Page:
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Europes cities want to wrest back control from Airbnb — and they want Brussels to help them.

Local leaders from Paris, Amsterdam and Berlin, among other cities, met with Commission Executive Vice President Margrethe Vestager Thursday with a message: Its time to force short-term rental platforms to cooperate with local authorities.

“You cant have companies that are trying to get out of being regulated. They are trying to evade regulation and the enforcement of law,” Berlins Secretary of State Wenke Christoph said after the meeting.

Cities have long campaigned against Airbnb, arguing that the short-term rental boom distorts their housing markets by making homes unaffordable and causing other unwanted side effects such as overtourism and antisocial behavior. They also want the platform to help them crack down on illegal rentals, adding that the lack of data sharing makes it harder for them to tax the short-term rental market.

In December last year, the Court of Justice of the European Union classified Airbnb as an online platform and not a real estate company. The ruling was a blow to authorities who want to regulate the company more stringently, and meant Airbnb doesnt have to abide by housing laws and is not legally responsible for illegal content and services hosted on its platforms, such as listings that dont comply with local laws.

European mayors now see an opportunity in the revision of a decades-old law regulating online platforms, called the e-commerce directive, to lobby for more rules and move the fight from the local to the EU level.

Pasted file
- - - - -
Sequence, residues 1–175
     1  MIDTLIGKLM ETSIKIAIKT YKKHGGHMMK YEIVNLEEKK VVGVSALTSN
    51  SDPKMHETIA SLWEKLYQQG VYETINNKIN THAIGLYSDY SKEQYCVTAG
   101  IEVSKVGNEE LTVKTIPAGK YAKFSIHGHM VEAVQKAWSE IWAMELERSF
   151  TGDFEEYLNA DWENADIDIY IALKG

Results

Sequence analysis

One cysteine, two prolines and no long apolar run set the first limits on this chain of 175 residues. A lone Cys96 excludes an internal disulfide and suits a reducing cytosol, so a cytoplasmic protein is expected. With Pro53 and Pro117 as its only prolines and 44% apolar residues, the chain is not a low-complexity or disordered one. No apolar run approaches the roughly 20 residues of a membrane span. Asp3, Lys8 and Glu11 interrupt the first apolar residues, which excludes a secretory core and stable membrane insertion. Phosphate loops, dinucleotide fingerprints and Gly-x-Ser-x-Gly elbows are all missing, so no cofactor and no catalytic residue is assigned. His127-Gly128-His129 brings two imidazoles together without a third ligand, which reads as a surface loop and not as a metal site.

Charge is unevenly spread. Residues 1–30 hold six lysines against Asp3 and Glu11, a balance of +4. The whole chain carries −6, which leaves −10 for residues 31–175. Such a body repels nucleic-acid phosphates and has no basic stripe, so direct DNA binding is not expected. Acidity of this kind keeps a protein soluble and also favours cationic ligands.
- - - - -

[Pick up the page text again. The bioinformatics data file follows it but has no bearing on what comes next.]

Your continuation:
But Brussels will publish new proposals later this year, named the Digital Services Act, which will also regulate so-called sharing economy platforms like Airbnb and BlaBlaCar.

European mayors now see an opportunity in the revision of a decades-old law regulating online platforms, called the e-commerce directive, to lobby for more rules and move the fight from the local to the EU level.

“Better cooperation between platforms and public authorities will be a prerequisite for a proper enforcement of the Digital Services Act,” Vestager said in a statement after the meeting Thursday. She added that the rules will “take account of the needs of national and local administrations and compliance with local rules.”

The meeting with Vestager comes amid acrimony between cities and the platform. Paris is a major market for Airbnb, but its Mayor Anne Hidalgo wants to free up the 30,000 odd Airbnb properties for the citys residents. She wants a referendum on whether to limit how long those properties can be rented out per year, which she hopes “will encourage owners not to put them on the rental market,” she told Le Parisien in July.

Berlins Christoph said the Commissions attitude toward regulating the sharing economy is aligning with the cities. “It became quite obvious that the problems we have in Berlin, we see all over Europe,” she added.

The objective, she said, is to strike a balance between access to affordable housing for locals and accommodation for tourists. “Its not about stopping short-term rentals. It needs to be regulated in a way that cities stay liveable,” said Christoph.

Sharing economy, but not data

One of the main bones of contention is data sharing with local authorities. Cities want the DSA to require companies like Airbnb to share information on their hosts, including the addresses of rental apartments as well as how many days they are rented out for. They argue that data is needed for cities to know which properties to tax and how much, and to enforce local regulations on reRead More – Source

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